I puzzled over this for some time as my boyfriend and I discussed the purpose of giving to charity, how much to give, what (time, effort, money), and to whom. I stated I would give the excess, whatever I didn’t need. However, we’d already recognized the fact that the lifestyle I live and will likely continue with is somewhat more frugal than most. My bar for ‘excess’ was thus quite a bit lower than his, but just how low depended on how each of us defines the term. This depends necessarily on each of our world views and the purpose we feel money (and time and effort) serves in our lives. We talked about self-care, the role of joy, the interconnected nature of global suffering, and how to judge efficacy and impact.
“Why shouldn’t I use that ‘excess’ to buy something to make myself happy?” he asked rhetorically.
That prompted my current brainstorm. Because, see, I don’t believe that things can make me happy. I do, however, heartily admit that lack of some things can, does, and will make me miserable. Many social scientists have looked at this question before, of course, most notably Maslow. To me it comes down to safety, security, and comfort. Once these three things are assured at a basic minimum level, “happiness” then becomes an entirely internal matter. (Meaning it is more dependent on the cultivation of mental and emotional qualities such as wisdom, equanimity, contentment, etc., than external circumstances. This has also been demonstrated in scientific and academic study, though I lack the ambition to dig up the citations at present.)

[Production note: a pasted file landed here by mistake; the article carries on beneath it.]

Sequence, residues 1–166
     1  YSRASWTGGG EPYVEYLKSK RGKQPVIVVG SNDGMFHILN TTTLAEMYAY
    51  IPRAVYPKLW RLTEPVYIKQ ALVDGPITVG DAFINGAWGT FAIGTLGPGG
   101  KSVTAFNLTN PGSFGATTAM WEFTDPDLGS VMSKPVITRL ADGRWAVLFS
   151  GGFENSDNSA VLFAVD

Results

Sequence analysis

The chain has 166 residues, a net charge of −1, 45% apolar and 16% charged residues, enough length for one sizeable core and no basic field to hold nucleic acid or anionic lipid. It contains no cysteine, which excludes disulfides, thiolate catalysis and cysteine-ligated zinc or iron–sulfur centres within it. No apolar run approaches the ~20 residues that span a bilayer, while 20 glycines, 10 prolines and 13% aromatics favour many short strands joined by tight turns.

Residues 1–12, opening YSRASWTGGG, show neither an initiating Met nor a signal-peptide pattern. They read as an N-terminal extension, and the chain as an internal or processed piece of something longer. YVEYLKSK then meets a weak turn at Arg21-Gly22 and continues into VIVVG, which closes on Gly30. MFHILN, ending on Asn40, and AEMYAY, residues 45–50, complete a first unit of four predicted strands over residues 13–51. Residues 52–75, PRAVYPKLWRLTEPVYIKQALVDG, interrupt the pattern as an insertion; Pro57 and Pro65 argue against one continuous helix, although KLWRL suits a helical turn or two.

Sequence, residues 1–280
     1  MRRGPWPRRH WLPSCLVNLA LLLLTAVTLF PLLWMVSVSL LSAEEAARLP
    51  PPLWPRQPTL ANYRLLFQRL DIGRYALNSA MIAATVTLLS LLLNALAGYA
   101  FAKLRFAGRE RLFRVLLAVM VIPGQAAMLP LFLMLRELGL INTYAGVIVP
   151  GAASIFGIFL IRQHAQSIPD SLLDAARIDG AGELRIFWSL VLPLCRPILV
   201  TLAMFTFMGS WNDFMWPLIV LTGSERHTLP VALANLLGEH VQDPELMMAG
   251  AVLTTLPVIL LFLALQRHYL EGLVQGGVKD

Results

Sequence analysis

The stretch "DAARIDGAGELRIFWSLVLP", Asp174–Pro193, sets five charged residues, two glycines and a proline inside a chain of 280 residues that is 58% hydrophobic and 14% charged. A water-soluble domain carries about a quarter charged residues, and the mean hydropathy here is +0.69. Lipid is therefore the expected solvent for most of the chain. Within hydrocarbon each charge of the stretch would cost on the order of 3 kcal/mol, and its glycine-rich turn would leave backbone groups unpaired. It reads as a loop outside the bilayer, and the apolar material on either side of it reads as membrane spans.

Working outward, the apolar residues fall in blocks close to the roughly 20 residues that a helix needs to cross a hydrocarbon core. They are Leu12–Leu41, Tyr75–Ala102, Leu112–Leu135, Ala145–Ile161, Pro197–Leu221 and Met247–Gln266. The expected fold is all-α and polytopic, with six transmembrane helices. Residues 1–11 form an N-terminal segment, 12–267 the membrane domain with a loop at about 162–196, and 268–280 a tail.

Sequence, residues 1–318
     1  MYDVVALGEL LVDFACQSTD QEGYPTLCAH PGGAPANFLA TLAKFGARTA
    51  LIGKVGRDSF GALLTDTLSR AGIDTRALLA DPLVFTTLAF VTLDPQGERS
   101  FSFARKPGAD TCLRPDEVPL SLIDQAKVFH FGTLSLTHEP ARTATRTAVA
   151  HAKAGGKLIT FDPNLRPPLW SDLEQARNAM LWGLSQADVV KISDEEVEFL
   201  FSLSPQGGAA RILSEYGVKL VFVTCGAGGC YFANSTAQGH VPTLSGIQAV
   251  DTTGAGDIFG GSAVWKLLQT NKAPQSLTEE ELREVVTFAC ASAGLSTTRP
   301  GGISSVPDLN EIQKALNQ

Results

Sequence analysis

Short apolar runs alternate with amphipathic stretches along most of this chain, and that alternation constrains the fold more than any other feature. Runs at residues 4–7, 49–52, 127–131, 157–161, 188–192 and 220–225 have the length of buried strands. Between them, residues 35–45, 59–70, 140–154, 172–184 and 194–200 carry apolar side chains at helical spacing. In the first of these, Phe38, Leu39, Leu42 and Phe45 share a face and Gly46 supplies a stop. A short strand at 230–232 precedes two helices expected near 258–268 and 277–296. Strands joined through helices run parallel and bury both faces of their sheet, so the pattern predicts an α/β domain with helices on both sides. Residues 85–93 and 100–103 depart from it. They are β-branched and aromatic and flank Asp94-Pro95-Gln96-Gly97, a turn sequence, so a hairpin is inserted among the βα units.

Of course, that merely extends the question to what is a ‘basic minimum level?’ This is where the subjectivity shows itself.
Safety can be defined as personal physical safety – the assurance that I will not be subject to physical harm or loss of property due to crime or disaster. That seems fairly simple and objective, but requires the cooperation of a great many other people to ensure.
Security is the assurance of some form of stability and/or predictability – that my life will continue in a fashion that I can depend upon and plan for accordingly. Loss of a job, sudden end of a relationship, death of a loved one (particularly on whom we depend) collapse of finical institutions, government systems, and war are just a few examples of threats to our security. Money and material prosperity can do a great deal to ensure security in the face of tragedy. This is why people buy insurance, after all, and why insurance companies claim to sell “peace of mind.”